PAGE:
“We have ActiveCare Direct on all of the excavators being used on the project. It’s very important to us,” explained Tommy Ball, senior vice president of Flagler. “Volvo monitors ActiveCare and we also actively monitor it through our field service support center in Orlando. It really works out great for us — not only does it save us time, it saves the customer downtime.”

Similarly, Volvo CE is working with its entire dealer network on programs that offer unique solutions and boost machine lifecycle values, both of which the company will soon be announcing to the public. Until then, the focus remains on enhancing the capabilities of the company’s dealer network, with an eye toward helping them become the dealers of the future.

“It’s quite an exciting time to be a part of Volvo CE, and particularly to become one of our dealers,” Roy explained. “We aim to be a company that is easy to do business with, and that means making it easy to partner with us, but also it means that we have to equip our dealers for the future. New innovations, new ways to provide services and new market dynamics are all on the horizon, and Volvo CE is ensuring that our dealers will take the lead.”

AEM Reports: 3D Printing of Construction Equipment: 3 Things You Should Know  

3D Printing of Construction Equipment: 3 Things You Should Know  

 If you were at CONEXPO-CON/AGG and IFPE 2017, you may have seen the unveiling of the world’s first 3D-printed excavator at the event’s inaugural Tech Experience.

It was more than just an attention-getter.

3D printing has slowly but surely developed into a disruptive technology poised to have far-reaching effects on the equipment industry.

The Association of Equipment Manufacturers (AEM) was part of the team effort that developed that 3D-printed excavator.

AEM relays three things to keep in mind when looking at 3D printing and its potential for equipment manufacturing.

3D printing has enormous potential, but it is still growing and evolving.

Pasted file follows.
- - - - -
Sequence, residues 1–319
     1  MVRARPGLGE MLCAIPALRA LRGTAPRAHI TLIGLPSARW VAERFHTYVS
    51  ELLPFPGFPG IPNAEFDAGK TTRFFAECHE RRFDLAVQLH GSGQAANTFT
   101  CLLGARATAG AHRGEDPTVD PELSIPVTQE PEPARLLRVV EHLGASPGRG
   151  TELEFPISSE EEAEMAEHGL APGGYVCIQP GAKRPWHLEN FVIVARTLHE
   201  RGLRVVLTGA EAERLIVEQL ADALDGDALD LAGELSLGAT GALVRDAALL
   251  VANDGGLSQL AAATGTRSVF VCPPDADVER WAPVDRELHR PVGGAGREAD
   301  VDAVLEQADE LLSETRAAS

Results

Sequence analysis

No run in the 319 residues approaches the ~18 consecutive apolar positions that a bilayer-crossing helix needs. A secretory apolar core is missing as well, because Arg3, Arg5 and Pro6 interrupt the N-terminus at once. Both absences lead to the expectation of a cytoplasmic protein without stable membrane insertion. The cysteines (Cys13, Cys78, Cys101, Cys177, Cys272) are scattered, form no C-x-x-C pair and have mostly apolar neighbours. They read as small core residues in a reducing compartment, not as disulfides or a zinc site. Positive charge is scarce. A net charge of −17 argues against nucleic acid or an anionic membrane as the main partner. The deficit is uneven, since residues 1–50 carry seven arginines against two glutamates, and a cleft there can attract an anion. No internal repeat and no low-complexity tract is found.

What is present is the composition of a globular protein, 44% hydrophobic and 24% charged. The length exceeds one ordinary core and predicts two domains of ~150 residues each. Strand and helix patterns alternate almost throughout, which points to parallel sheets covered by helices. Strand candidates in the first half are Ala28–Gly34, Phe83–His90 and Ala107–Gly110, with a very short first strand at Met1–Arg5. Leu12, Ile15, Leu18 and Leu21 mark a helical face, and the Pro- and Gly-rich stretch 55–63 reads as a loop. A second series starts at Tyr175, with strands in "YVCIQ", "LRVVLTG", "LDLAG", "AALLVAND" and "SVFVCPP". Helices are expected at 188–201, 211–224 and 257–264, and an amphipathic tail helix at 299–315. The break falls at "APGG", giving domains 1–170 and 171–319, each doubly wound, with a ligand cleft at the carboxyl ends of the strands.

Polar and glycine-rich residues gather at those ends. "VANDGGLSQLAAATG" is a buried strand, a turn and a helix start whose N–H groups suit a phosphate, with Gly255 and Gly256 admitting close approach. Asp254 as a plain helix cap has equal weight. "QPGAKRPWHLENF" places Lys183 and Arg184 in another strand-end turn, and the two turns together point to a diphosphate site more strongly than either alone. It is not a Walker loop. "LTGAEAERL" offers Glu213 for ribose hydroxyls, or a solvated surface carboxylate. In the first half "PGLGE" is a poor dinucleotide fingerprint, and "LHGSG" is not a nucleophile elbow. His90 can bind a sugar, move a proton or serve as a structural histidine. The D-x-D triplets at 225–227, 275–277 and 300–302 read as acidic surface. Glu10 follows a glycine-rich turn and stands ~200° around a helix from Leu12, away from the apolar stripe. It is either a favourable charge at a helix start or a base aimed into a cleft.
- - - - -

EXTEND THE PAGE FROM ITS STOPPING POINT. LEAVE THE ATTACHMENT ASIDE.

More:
The consensus right now among leading additive manufacturing experts is that the technology’s immediate potential can be most readily found in smaller-scale deployments, according to Dr. Lonnie Love, a corporate research fellow at Oak Ridge National Laboratory.

“(3D printing) is not going to change all of manufacturing overnight,” says Love. “It’s not going to displace casting. It’s not going to displace welding.”

One key hurdle to adoption is that 3D printing is not yet fast enough, says Love.

“When you make these great parts at low volumes, you don’t care that it takes a week or a month… but we’ve got to go faster because it drives the productivity up and the costs down (for manufacturers).”

3D printing can help manufacturers do things they’ve never done before.

Love and his colleagues at Oak Ridge National Laboratory can attest to both the technology’s incredible capabilities and its value proposition for manufacturers.

They were involved in building the world’s first operational 3D-printed excavator unveiled at the Tech Experience at CONEXPO-CON/AGG and IFPE 2017.

Known as Project AME (Additive Manufactured Excavator), the excavator was 3D printed using a variety of machines to create and assemble three components: a cab, a boom and a heat exchanger. The excavator’s boom was fabricated using a cutting-edge free-form additive manufacturing technique to print large-scale metal components.

It was an incredible undertaking, and the success of Project AME proved the sky’s really the limit in terms of what 3D-printing technology can do.

Play video of Project AME’s creation. Learn more about industry trends through AEM’s CONEXPO-CON/AGG 365 initiative (https://www.conexpoconagg.com/subscribe/).